Delicious, Gawker, and trouble w/ Web 2.0
the recent kerfuffle over the possibility that delicious.com might close should be seen as a clear reminder of the harmful detour the Web has taken over the last several years. there is noticeable sturn und drang over the matter, but - i suspect - for all the wrong reasons.
no doubt, it is quite troublesome for users to learn a service they have grown to love, possibly depend upon, is going away. however, the problem(as i see it) is not that someone has decided to close the service that is at the heart of the trouble. instead, the real problem is that the data user place in the system is either lost or difficult to recover. and even in cases where the data is recoverable, it is usually in a form that is less "use-able" than when it was hosted by the service and often in a form that makes importing that data into a similar service difficult or impossible.
it's the data, stupid
the problem is not centered on the service, but on the data. most of us have been seduced into storing our data in locations that we, ourselves, do not control. along the way, we are enriching others in the process (the service providers) and, when the well runs dry, usually getting little to show for our generousity.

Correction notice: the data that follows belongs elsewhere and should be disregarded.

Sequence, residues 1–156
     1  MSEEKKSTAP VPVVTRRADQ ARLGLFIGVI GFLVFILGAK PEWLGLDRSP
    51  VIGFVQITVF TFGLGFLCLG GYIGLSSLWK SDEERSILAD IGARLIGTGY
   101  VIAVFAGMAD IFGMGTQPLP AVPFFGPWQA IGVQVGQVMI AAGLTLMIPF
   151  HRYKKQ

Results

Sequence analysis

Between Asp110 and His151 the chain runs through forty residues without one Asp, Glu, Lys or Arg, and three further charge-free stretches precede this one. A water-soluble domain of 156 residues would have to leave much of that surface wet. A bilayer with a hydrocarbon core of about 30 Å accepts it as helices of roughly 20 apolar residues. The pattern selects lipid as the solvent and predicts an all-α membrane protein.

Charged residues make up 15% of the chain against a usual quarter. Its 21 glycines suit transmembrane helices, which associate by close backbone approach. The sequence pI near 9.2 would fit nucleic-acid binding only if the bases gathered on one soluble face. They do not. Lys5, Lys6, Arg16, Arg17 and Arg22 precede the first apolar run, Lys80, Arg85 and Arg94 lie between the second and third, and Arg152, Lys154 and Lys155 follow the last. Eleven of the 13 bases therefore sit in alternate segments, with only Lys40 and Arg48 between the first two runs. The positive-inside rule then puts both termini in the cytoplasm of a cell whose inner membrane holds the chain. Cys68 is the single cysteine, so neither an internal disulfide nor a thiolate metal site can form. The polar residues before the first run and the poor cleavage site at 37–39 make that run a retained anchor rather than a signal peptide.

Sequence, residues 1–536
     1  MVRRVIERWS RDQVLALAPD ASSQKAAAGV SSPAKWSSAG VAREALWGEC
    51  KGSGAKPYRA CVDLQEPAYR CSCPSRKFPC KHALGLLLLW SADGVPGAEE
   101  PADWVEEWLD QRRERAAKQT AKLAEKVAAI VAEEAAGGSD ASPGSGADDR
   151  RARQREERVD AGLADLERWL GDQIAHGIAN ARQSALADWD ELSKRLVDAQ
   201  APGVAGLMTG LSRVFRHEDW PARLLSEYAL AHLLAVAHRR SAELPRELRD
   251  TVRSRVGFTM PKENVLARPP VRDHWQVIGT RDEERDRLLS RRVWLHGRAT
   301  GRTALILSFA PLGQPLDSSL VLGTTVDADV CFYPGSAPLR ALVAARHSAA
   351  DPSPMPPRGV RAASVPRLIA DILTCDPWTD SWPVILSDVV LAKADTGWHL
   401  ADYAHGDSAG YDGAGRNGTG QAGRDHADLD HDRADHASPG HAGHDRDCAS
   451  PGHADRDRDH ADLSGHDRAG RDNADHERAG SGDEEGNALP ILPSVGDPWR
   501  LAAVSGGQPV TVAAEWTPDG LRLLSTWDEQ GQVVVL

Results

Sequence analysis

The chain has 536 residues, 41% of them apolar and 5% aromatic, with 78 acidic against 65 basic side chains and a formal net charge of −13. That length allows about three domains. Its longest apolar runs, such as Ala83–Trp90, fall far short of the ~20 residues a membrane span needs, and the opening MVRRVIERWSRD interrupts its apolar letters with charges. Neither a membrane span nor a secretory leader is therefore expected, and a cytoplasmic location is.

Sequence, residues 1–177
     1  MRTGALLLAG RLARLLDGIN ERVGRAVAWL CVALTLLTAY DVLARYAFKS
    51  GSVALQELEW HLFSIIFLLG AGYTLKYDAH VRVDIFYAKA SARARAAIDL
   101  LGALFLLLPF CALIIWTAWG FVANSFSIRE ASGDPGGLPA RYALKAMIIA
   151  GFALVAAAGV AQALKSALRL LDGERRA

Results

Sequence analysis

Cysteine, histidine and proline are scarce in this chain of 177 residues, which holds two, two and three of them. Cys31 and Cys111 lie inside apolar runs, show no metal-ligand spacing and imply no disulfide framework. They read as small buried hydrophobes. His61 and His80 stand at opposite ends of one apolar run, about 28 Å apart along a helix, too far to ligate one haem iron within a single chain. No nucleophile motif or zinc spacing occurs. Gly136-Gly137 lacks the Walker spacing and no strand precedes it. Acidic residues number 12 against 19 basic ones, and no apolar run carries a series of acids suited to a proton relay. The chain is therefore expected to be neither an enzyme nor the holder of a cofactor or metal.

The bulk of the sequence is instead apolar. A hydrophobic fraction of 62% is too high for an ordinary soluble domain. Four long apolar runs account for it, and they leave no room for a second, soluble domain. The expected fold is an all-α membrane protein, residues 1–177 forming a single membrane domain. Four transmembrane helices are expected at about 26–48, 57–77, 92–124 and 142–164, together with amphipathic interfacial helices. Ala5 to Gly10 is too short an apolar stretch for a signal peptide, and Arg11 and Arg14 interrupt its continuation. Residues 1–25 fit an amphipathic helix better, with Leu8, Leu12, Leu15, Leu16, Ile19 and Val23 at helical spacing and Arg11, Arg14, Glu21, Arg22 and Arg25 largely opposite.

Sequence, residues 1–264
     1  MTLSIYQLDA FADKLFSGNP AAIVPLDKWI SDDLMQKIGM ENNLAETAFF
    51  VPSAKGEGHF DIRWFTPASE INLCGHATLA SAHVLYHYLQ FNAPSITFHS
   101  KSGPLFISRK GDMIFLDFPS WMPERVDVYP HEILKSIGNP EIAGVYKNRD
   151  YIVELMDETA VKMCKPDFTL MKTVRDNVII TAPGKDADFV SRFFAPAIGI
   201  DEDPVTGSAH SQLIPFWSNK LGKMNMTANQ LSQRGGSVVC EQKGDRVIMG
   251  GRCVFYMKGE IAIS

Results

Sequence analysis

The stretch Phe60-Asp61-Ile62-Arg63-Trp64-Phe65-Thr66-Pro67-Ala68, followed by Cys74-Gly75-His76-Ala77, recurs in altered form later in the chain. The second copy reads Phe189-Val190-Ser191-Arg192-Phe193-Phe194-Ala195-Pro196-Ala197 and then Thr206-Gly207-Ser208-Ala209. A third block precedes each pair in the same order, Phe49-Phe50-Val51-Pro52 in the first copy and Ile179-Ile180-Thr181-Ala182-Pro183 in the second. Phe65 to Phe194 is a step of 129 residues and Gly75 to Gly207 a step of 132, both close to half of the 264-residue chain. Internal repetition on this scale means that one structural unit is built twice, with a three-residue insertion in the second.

even worse, we suffer the possibliity that we will loose the very data we we storing and have little recourse.
OPD - Other People's Data
of course, this is not a new issue at all. the most recent round of "Web 2.0" ventures have relied on the idea of using other people's data in order to gain a profit. in return, users are granted some "utility" that makes it worth while to deposit their data with that service. this is a modern variation of "OPM" (Other People's Money); the notion of using the resources of others as a way to make your own riches. in 1914, it was all about the bankers. recent events in the financial sector lead me to believe that 100 year-old lesson still hasn't taken root. i suspect the same might be true for the information sector.